How the climate bill would shift offshore wind in 4 states

Source: By David Iaconangelo, Heather Richards, E&E News • Posted: Wednesday, August 10, 2022

The climate bill moving through Congress would remove a moratorium on offshore wind leasing in the Southeast.

The climate bill moving through Congress would remove a moratorium on offshore wind leasing in the Southeast. John Moore/Getty Images

The Democrats’ climate bill would erase former President Donald Trump’s 10-year moratorium on offshore wind in the U.S. Southeast, but few experts are betting on a regionwide surge in projects.

Signed by Trump in 2020, the moratorium banned new leasing for all types of energy off the coasts of Florida, Georgia, North Carolina and South Carolina. It went into effect last month (Energywire, Sept. 29, 2020).

The “Inflation Reduction Act” — which the Senate passed over the weekend and is expected to be taken up by the House soon — would strip away the ban on offshore wind lease sales, while leaving it in place for oil and gas drilling.

But wind power has not generally experienced warm welcomes in the Southeast. Just one onshore wind farm — the Avangrid-owned Amazon Wind Farm near Elizabeth City, N.C. — currently generates electrons across the four moratorium states. Interest in offshore wind also has been mixed.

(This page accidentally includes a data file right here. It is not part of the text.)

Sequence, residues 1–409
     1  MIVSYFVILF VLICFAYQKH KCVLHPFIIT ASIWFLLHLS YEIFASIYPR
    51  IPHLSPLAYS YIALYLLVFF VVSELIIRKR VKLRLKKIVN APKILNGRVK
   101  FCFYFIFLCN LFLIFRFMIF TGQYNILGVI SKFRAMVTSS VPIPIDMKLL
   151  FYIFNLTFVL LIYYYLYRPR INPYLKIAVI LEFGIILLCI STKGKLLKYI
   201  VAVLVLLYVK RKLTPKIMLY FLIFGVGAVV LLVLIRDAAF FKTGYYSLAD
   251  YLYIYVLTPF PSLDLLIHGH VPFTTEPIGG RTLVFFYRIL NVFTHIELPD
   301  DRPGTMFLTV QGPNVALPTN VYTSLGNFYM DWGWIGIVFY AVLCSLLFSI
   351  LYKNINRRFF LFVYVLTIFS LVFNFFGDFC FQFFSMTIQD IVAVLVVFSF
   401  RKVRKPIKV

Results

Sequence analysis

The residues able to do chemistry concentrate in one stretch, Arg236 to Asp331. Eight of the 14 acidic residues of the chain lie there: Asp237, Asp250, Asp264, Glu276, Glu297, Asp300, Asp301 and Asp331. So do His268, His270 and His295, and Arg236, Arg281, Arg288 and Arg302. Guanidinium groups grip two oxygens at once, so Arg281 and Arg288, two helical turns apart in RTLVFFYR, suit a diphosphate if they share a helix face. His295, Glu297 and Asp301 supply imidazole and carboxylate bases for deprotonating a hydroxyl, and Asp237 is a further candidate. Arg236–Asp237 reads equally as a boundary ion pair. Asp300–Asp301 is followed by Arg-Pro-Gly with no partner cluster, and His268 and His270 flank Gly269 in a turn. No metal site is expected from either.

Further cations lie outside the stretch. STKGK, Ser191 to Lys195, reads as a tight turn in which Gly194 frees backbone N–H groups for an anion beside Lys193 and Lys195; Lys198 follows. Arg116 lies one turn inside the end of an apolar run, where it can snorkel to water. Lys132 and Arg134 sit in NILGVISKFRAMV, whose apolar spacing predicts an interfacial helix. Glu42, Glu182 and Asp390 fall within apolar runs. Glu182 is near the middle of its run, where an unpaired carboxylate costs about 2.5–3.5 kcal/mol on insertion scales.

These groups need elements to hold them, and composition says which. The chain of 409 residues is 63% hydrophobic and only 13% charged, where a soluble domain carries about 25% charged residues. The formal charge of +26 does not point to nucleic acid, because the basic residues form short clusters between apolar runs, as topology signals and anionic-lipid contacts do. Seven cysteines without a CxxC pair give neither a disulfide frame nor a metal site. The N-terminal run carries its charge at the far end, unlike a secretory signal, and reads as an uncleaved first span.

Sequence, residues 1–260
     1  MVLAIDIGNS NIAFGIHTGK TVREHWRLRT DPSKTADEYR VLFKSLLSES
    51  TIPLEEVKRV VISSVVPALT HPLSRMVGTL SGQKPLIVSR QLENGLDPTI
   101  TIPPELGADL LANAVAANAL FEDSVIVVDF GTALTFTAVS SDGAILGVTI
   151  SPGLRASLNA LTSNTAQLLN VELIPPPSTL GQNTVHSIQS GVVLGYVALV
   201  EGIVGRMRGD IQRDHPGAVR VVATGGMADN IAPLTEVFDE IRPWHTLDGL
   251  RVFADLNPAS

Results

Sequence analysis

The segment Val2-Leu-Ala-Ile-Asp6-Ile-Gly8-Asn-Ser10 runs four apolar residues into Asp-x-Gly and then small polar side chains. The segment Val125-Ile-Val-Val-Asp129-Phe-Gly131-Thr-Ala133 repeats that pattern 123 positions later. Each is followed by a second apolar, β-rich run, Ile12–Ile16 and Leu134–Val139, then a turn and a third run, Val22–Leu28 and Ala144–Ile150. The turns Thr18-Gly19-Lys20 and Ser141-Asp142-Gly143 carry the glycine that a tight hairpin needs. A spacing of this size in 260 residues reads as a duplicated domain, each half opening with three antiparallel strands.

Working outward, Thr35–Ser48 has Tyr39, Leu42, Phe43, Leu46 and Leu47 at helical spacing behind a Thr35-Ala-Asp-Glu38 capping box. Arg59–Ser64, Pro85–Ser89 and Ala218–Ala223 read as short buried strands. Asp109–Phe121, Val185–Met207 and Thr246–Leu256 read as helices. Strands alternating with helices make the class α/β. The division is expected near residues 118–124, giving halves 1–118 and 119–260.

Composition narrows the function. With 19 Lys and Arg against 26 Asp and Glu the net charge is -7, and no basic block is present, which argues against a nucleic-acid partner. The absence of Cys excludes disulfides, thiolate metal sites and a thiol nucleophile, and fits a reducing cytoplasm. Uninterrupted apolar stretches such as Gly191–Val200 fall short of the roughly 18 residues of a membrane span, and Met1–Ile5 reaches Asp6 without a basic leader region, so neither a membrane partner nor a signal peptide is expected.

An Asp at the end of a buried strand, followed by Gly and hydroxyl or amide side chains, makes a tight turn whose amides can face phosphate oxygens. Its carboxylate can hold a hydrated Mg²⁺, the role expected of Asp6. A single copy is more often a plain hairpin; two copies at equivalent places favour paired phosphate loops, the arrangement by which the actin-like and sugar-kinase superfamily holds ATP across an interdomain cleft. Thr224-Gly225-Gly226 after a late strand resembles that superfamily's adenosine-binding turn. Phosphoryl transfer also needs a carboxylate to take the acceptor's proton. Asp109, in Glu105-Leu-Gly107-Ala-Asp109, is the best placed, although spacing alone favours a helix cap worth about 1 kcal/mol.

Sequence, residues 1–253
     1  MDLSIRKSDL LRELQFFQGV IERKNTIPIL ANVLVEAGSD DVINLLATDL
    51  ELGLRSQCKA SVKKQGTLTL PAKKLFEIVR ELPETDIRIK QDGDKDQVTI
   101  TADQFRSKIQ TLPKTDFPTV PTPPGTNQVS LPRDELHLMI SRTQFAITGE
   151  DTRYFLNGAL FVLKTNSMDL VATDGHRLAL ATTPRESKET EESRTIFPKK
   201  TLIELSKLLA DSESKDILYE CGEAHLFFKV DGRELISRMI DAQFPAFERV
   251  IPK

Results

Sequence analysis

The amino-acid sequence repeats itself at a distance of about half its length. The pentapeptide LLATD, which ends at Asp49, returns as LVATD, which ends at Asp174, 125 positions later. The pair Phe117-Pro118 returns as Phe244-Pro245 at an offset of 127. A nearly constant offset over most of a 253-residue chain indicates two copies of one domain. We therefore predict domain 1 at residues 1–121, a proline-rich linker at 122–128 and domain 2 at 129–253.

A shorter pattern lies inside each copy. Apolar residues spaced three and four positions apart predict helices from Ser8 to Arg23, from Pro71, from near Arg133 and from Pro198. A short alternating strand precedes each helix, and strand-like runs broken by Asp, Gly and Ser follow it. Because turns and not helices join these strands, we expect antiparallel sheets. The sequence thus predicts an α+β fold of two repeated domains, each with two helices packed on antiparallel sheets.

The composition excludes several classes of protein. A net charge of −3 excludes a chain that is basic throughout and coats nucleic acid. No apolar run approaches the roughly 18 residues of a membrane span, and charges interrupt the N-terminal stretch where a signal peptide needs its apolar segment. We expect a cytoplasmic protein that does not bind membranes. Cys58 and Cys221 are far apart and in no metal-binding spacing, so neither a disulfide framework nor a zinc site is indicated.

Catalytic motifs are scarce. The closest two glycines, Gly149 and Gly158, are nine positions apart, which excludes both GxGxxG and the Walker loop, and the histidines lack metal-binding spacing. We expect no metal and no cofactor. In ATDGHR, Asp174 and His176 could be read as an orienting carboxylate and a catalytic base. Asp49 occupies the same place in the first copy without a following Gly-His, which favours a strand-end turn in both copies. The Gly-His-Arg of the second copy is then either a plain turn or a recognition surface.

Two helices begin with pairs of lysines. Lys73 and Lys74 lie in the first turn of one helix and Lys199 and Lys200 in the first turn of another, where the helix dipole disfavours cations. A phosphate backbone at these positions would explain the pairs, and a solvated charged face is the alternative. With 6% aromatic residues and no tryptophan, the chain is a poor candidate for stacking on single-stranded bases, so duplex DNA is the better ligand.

Lifting the moratorium may not transform that reality, even if Democrats’ climate bill becomes law, some clean energy advocates and environmentalists acknowledge.

In places such as Florida, Georgia and South Carolina, state officials largely haven’t enacted measures to promote offshore wind. This is in stark contrast to the state guarantees to buy offshore wind power that were crucial to the industry’s emergence in the Northeast and the Mid-Atlantic.

North Carolina stands out as the region’s clear exception, taking concrete steps to embrace the industry. One of its major utilities, Duke Energy, won the right to generate power from federal lease areas for offshore wind in May, as did French oil and gas major TotalEnergies SE. The state’s Democratic governor, Roy Cooper, also has laid out specific targets for the sector: 2.8 gigawatts by 2030, and 8 gigawatts a decade later.

Across other states, however, little groundwork has been done to establish offshore wind’s foothold as a future resource. And it remains unclear if, or how quickly, official indifference might transform into boosterism.

In South Carolina, for instance, Republican Gov. Henry McMaster recently signed a law calling for a first study of how offshore wind’s need for locally made parts and staging ports could benefit the state economically.